Gelatinization is an exothermic reaction of starch that occurs when it is exposed to heat and moisture at time intervals. This reaction causes a disruption of the crystalline structure, absorption of water, swelling, and raises the accessibility for digestion by enzymes like amylase. It increases starch digestibility but when eaten also raises glucose in the blood. This can be a factor as to why dogs and cats fed diets in this form over years, especially when given no other whole real food options, become obese and diabetic.

There is a unique phenomenon that occurs with the cooking or processing of starch that makes it potentially indigestible and it is called Amylose-Lipid Complexation (A-LC). The A-LC is a function of heat, moisture, content, type of starch, type of lipid, and degree of gelatinization. In processing, amylose traps lipids. Starch gelatinization binds lipids to amylose, reducing free fat availability. This can be good for the product, as it lowers rancidity and extends the shelf life, but not good for the body.

When fresh meat versus meat meal is used in the food there is a much lower A-LC score. Fresh meat will produce only 0-20% A-LC. Unrendered fresh meat may be protected from thermal and mechanical conditioning, thereby preventing A-LC formation. The extrusion process of making kibble raises the A-LC 90-100%, while baked kibble tested was less than 60%.


  • Lotus Oven Baked Dry Food
  • Stella & Chewy’s
  • I and Love and You, Baked & Saucy Beef & Sweet Potatoes
  • Carna4
  • Honest Kitchen
  • Jiminy’s Good Grub
  • Yumwoof Perfect Kibble
  • Evolve Baked, small batch
  • AvoDerm Oven-Baked Original Formula
  • Wellness TruFood Baked Blend
  • Leonard Powell Signature Series Oven-Baked Dinner
  • Oven Baked Tradition™
  • Pinto Canyon
  • Darford Zero G Oven Baked Kibble
  • Tiki - for small dogs and cats

The majority of kibble (dry food) is cooked through an extrusion method.  Similar to the microwave, the extrusion process greatly reduces the nutritional value of the food.  It cooks at a high temperature and steam for a short period of time in what is called an expander. Then the dough is forced or “extruded” though small holes called “die” which cut it into kibble pieces. This has to be done while the dough is still compact from the high pressure – otherwise the dough would puff up (like puffed cereal).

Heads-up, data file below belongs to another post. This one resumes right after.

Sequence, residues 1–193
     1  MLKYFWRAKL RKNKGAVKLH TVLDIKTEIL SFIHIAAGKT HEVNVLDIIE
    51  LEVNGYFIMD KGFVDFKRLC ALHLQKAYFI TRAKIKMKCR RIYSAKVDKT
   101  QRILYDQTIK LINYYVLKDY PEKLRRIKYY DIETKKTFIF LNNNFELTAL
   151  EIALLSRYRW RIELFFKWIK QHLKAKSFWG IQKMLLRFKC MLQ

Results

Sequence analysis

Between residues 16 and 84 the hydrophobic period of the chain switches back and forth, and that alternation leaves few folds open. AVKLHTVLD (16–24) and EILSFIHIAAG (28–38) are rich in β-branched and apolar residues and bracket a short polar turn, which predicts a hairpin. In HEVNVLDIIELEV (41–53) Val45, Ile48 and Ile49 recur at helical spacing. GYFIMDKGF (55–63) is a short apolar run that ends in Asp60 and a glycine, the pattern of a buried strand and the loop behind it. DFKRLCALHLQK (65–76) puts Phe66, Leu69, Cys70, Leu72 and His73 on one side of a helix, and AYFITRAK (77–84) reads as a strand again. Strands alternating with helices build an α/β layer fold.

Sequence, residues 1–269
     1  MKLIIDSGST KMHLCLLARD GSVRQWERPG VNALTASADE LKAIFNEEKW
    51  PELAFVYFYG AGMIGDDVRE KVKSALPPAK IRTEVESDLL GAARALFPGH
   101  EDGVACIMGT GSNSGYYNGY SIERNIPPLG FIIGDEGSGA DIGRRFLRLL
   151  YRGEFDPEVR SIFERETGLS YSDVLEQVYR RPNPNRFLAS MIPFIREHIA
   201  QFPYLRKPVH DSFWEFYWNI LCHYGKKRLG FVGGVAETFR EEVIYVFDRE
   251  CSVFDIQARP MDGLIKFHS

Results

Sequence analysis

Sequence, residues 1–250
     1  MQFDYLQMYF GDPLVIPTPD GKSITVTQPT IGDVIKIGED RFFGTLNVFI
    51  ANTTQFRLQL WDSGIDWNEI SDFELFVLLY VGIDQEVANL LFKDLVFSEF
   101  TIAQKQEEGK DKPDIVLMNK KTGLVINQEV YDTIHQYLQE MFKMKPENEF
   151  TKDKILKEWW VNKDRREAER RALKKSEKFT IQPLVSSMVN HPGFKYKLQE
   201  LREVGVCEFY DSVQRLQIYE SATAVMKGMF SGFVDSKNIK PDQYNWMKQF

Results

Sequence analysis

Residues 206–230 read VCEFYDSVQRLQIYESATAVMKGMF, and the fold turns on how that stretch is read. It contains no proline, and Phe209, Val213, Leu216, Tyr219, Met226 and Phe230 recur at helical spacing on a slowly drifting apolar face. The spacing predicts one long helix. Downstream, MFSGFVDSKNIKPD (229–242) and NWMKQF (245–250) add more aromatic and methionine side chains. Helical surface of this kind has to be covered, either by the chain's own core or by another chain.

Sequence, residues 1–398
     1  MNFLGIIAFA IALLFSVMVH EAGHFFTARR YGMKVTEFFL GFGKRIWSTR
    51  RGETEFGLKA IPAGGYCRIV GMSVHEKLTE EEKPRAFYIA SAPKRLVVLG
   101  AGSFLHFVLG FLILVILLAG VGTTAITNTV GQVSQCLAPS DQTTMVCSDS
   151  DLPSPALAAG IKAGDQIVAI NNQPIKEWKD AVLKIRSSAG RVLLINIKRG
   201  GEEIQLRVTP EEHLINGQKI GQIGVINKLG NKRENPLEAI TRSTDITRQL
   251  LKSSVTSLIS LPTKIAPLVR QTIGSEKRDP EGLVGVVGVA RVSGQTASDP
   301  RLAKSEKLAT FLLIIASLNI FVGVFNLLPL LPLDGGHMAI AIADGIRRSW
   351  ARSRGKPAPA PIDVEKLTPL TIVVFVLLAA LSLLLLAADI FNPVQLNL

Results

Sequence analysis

After the pieces are cut, they are dried, after which an enrobing process applies a fat/oil and then sprays on synthetic nutrients to replace those lost in the processing.

The early stages of this process are the same for baked dog foods. The ingredients for the food are mixed together. However, baked dog food does not use an expander and it is not cooked with steam or under pressure. Pet foods that are oven baked are typically baked more slowly in an oven. They are cooked for a longer period of time than extruded pet foods. They do not use steam or high temperatures.

Diets high in starch are a nutritional problem for our pets.  Excess starch erodes a pet's health in subtle ways, including blood sugar spikes, digestion issues & dermatitis.

“Grain free” kibble can also have starch.  Kibble using pea protein, sweet potato and quinoa may be termed “grain-free” but can also have high starch content.  Raw diets and freeze-dried raw are one-sixth the starch content of kibble.

All but less than 10 brands of bagged dog food use what is called EXTRUSION processing. This type of food does several less than optimal things:

        • The high carbohydrate starch content drives obesity
        • The easily emulsified stomach gruel changes the normal digestive signals to liver, gall bladder, stomach, and intestines, altering absorption, intestinal lining continuity, and the microbiome
        • Many ingredients have been exposed to glyphosate. Here is a brief synopsis about round-up. [INSERT – Glyphosate in the Food Chain]. Shopping for organic ingredients will help reduce the presence of this chemical.
        • The end results are potential to become obese, develop pancreatic malfunction, endocrine disruption, indigestion, diarrhea, gas, leaky gut, immune dysfunction, inflammatory conditions, allergies, skin issues – over and over again

Sound like any pet you have known?  If you are still certain that kibble is right for you and your dog, here are the 2020 top baked food brands. Not in any order but I have used and sold the first two.

        1. Lotus Oven-Baked Dry Food
        2. Stella & Chewy’s
        3. AvoDerm Oven-Baked Original Formula
        4. Leonard Powell Signature Series Oven-Baked Dinner